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Court will hear arguments on transgender birth certificate challenge on Wednesday

Hearings to be held in Yellowstone County
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Posted at 9:48 AM, Dec 21, 2021
and last updated 2021-12-21 11:49:41-05

One of the Legislature’s most controversial bills will get a pair of hearings in Yellowstone County on Wednesday on the issue of whether residents can change the gender of their birth certificates without first undergoing some type of surgery.

At issue is Senate Bill 280, passed this year with a Republican dominated Legislature and signed by Gov. Greg Gianforte. The law put new restrictions on when residents can change a gender designation on birth certificates.

Previously, the law was largely silent on the act and allowed for the gender to be changed without judicial approval. With SB280, a judge must approve the change and the person must submit documents showing a surgical procedure.

Opponents of the measure, including Amelia Marquez, a transgender woman who previously ran for the Legislature, said the new law violates the state constitutional right to privacy, equal protection and due process. Marquez is being represented by the American Civil Liberties Union.

The hearing, scheduled for 2:30 p.m. Wednesday, will be before Judge Michael Moses, who will split – or bifurcate – the oral arguments into two different hearings. The first will be oral arguments on the State of Montana’s motion to dismiss the case. And secondly, Moses will hear a motion for preliminary injunction, which would halt the birth certificate bill until the resolution of the case.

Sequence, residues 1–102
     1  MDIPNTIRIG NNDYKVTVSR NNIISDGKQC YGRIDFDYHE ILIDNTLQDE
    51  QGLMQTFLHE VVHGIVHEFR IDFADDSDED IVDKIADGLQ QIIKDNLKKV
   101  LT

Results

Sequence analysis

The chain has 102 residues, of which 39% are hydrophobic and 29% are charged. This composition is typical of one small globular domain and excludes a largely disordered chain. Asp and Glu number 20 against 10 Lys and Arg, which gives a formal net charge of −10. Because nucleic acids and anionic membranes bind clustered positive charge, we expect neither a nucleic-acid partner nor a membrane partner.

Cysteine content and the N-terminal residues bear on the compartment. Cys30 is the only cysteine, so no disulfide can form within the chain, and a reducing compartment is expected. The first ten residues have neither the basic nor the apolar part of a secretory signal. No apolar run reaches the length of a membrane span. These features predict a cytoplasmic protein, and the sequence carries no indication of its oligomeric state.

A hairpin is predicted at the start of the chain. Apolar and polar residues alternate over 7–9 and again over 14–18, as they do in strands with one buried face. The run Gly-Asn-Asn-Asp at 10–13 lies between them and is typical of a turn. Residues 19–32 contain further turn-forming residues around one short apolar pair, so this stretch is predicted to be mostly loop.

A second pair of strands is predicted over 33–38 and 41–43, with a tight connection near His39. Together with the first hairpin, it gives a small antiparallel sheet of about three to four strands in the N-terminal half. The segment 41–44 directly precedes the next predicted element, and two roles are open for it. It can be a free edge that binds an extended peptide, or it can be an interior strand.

Dismissing the case

The Montana Attorney General’s Office argues that the case should be dismissed. Originally, it said that because the case was also being simultaneously taken up by the Montana Human Rights Bureau that the district court should dismiss it, pending the outcome of that case.

However, last week, the HRB, tackling the same issue, demurred by saying the challenge struck directly at the heart of the state’s constitution and must be decided by the court.

Normally, two identical cases are not allowed to be going through two separate processes to avoid a conflict where one agency makes a ruling that is opposite of another. However, attorney Akilah Lane told the Daily Montanan that since the HRB process is no longer at issue, that no longer remains a concern.

Still, the Attorney General’s Office argues that since neither Marquez nor another plaintiff in the suit who is going by “John Doe” have attempted to change their birth certificates after the new law that the damages are merely hypothetical. Moreover, attorneys for the state said that both plaintiffs had the chance to change it before the law was changed, but declined to do so.

“Plaintiffs simply repeat that SB280 violates the equal-protection clause of the Montana Constitution. They claim that similarly situated individuals are not subject to the same requirements, but they do not identify any right that has been infringed,” the court filing said. “Plaintiffs seem to suggest that the constitutional right is the ‘inability to access identity document(s) accurately reflecting one’s true sex,’ but this is not a constitutional right.”